A job for the inept?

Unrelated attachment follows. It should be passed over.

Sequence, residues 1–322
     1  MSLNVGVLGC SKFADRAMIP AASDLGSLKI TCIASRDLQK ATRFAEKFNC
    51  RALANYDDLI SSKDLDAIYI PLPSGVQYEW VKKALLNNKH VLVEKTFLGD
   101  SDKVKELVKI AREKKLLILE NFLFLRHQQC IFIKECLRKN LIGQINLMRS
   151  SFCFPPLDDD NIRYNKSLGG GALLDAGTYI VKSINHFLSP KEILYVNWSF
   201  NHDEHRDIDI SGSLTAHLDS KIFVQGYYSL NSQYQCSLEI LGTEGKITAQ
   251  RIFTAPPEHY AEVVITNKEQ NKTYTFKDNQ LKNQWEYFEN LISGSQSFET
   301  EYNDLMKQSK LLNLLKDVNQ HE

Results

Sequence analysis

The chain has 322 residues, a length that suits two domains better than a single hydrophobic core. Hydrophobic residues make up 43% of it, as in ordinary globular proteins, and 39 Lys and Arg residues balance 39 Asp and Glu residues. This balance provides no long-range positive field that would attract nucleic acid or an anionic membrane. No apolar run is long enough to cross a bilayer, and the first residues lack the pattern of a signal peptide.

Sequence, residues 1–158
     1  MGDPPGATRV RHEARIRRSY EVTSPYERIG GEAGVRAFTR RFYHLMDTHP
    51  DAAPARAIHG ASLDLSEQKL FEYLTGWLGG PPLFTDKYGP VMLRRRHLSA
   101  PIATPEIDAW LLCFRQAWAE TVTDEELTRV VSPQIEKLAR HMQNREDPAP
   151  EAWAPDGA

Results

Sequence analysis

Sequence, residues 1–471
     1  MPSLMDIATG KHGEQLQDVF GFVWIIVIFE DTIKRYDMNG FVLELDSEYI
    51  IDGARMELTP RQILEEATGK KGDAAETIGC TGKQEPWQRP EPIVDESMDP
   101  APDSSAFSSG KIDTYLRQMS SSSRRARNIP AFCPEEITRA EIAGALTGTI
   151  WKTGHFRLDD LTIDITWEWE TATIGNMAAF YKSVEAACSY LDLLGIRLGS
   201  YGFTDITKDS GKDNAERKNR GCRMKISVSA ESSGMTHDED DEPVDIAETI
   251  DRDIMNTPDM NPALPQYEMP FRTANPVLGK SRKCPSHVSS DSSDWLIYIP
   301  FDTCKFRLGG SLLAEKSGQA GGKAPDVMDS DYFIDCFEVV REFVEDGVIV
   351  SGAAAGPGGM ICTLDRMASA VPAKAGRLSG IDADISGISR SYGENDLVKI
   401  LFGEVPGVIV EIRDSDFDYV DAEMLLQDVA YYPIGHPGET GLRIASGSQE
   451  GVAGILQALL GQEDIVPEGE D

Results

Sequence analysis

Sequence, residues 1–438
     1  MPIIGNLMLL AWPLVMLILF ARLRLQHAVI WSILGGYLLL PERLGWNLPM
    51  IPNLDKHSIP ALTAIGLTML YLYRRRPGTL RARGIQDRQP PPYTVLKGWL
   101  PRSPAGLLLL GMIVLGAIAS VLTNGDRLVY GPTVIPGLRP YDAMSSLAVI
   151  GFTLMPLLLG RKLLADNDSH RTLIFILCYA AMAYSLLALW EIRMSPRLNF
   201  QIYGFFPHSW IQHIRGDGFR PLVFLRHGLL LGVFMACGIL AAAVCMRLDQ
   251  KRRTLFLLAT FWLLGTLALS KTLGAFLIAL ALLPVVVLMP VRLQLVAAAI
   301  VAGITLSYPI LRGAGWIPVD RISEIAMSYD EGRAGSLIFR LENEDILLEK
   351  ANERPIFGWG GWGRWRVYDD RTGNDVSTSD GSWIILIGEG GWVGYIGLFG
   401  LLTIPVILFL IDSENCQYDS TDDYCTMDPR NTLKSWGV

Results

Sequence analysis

It’s highly questionable whether the impending constitutional provision barring deputies from practicing a private profession will prove socially beneficial. It’s common knowledge that a considerable number of the fathers of our nation have exploited their parliamentary seats and their attendant privileges out of financial expediency. An even greater number, however, have spent an entire fortune on politics, while yet more have enjoyed a relative independence of mind thanks to the economic self-sufficiency provided by a successful career. The problem emanating from the rule of incompatibility between a deputy status and professional occupation is that it prevents individuals who have excelled in any profession – whether in science, business, or arts – from entering Parliament as they are requested to turn their back on a career in order to be eligible. Regardless of the lawmaker’s intentions, the ban will lead to a Parliament increasingly made up of mediocre deputies (people who will give up their unsuccessful or inadequate professions in order to increase their earnings) or inept bureaucrats rising from party mechanisms. However, when a deputy’s economic survival depends on his maintaining his post, it is obvious that he will do everything to win the favor of the party leadership by always lining up behind its decisions. This class of «professional deputies» will turn into docile bodies and be stripped of the will to express any alternative opinion. History demonstrates that even when times were different, when the masses were inspired by ideas and individuals sacrificed personal interest for the sake of ideology, professional cadres of all parties eventually became mere cogs in a bureaucratic machine whose sole purpose was the perpetuation of power. Politicians are more prone to such degeneration these days. Even worse, a considerable section of these inept deputies are easily tempted to engage in illicit forms of moneymaking so as to ensure their well-being after retirement. This may all be proved wrong. Parliamentary seats may be taken by pure ideologues who will drop everything else to serve the nation. Realistically, however, it’s highly unlikely that these inept deputies will upgrade Parliament’s quality and ethos.